Promoting growth in North Carolina is a big industry in itself. This section cites key state and local officials responsible for attracting and retaining businesses. The state ranked No. 3 nationally for business climate, according to 326 site-selection experts surveyed by Development Counsellors International, a New York-based marketing firm. Last year was the strongest year in more than a decade, with 147 corporate relocation and expansion deals expected to create more than 20,000 jobs and $6.3 billion in capital investment, state officials say.
executive director | Pitt County Development Commission
Andrews, who has worked with the commission since 2006 as the assistant director, was promoted to executive director in October. She has an MBA from East Carolina University and previously worked with the N.C. Department of Labor.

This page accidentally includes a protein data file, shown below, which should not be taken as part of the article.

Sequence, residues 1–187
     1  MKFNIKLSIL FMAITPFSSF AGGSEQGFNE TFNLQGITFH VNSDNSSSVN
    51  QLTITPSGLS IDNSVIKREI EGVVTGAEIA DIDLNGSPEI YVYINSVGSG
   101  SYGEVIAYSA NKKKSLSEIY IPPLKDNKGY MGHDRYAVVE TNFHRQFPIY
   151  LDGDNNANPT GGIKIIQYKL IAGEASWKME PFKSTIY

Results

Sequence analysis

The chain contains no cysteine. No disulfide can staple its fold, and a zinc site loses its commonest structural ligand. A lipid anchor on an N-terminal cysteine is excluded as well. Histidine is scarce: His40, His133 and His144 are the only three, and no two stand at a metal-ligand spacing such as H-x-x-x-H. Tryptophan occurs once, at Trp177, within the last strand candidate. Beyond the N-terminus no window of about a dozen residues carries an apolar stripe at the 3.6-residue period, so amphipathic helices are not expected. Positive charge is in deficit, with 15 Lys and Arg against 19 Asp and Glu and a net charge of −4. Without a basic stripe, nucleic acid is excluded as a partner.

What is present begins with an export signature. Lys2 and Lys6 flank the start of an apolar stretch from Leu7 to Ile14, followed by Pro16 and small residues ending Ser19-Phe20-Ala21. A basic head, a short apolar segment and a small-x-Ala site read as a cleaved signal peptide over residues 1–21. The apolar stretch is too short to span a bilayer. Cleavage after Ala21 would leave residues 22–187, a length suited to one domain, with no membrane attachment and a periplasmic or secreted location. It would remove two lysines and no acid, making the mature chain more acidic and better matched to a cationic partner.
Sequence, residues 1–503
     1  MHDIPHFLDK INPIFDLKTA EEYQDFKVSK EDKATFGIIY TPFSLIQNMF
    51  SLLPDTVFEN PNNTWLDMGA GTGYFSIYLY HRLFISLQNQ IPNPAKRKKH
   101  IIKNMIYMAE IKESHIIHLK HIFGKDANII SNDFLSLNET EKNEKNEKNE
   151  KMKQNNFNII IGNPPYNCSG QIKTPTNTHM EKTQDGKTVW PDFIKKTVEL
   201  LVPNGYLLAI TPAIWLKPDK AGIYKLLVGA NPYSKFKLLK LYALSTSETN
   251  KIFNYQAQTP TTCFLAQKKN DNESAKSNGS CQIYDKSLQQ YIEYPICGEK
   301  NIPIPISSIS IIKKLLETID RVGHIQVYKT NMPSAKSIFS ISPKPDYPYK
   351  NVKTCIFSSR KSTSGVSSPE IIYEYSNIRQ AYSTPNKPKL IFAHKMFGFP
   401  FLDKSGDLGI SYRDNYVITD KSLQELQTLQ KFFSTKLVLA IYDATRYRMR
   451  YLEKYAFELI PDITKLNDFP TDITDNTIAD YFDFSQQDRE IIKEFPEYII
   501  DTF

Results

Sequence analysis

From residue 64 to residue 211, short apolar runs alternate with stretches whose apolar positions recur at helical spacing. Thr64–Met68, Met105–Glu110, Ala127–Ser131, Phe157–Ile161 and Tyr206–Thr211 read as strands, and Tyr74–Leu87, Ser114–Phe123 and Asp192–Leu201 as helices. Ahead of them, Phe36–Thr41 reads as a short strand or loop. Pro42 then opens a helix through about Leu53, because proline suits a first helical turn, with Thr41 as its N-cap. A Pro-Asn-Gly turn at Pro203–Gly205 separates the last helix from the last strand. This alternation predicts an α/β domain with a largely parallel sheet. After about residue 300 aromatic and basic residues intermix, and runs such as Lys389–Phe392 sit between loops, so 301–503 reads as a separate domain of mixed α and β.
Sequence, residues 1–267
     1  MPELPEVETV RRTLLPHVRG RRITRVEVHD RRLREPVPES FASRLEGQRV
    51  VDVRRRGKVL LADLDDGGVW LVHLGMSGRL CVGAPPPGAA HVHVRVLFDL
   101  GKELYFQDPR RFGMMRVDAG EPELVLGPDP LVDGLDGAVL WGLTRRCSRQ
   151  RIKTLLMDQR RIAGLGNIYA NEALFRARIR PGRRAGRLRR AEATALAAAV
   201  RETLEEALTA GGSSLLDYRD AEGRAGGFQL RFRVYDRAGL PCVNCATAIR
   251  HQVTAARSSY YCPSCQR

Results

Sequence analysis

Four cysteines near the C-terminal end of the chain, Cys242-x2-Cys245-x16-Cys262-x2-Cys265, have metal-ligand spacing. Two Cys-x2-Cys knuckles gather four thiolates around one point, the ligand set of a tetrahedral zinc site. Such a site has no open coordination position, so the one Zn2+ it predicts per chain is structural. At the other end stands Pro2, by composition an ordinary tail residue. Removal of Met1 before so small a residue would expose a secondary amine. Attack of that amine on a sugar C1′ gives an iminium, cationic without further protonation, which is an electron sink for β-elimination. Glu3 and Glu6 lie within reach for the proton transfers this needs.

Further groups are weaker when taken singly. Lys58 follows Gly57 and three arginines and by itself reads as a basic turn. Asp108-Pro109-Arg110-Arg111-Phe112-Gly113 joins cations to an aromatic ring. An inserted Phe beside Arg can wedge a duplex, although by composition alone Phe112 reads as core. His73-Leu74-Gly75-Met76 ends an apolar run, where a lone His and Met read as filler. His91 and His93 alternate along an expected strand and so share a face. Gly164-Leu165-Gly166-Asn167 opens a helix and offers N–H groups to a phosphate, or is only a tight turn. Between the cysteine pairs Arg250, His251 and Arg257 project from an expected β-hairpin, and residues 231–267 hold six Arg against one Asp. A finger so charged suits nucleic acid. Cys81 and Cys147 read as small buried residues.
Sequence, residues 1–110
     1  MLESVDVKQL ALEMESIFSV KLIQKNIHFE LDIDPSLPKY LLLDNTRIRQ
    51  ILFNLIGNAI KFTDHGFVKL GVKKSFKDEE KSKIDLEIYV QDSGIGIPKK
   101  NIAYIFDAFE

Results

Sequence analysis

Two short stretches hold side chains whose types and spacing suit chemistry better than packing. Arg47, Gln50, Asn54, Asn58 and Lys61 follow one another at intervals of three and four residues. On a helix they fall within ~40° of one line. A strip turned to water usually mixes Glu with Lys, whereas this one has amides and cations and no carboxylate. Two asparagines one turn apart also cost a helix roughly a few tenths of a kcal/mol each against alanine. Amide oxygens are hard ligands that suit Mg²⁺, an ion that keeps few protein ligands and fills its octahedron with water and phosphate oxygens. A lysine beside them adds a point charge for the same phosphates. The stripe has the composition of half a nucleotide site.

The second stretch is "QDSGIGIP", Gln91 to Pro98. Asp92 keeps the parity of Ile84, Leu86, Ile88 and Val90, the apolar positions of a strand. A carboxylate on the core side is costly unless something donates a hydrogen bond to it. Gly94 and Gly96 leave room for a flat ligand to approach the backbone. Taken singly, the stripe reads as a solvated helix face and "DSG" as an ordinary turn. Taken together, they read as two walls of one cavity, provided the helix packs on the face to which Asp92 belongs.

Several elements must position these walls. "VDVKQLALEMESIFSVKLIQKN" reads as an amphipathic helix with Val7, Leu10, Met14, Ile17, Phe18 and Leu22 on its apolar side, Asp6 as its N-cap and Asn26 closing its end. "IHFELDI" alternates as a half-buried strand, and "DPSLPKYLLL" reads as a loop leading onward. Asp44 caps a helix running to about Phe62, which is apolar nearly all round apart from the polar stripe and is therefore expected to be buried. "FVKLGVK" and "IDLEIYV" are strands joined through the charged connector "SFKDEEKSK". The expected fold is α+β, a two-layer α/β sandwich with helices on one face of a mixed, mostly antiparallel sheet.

MURCHINSON “BO” BIGGS
secretary-treasurer | K.M. Biggs
Murchison, 66, is the fourth generation of his family to help lead K.M. Biggs, a holding company. The N.C. State University graduate and CPA is active in many statewide groups, including chairing the Rocky Mount-based Golden LEAF Foundation.
Employer’s distinction: Starting in the 1930s as a general store, the business transitioned to agriculture and then real estate property. Today, it manages commercial retail, office, industrial buildings and farmland statewide, including Lumberton’s Biggs Park Mall.
Best advice: My mom and dad always gave me some lead on the leash. They wanted me to be part of the family business, but they let me drift around and have some self-determination.
Proud family accomplishment: Community involvement and the survival of the family business
Favorite passions: Playing trombone with community bands and muscle cars
Person you admire: Raleigh retailer Art Pope for helping grow the state’s economy and serving as N.C. budget director while getting unfairly maligned by the media
Favorite recent book: On the Road in Trump’s America by Daniel Allott
Favorite music: Beach and big-band
president, CEO | Greensboro Chamber of Commerce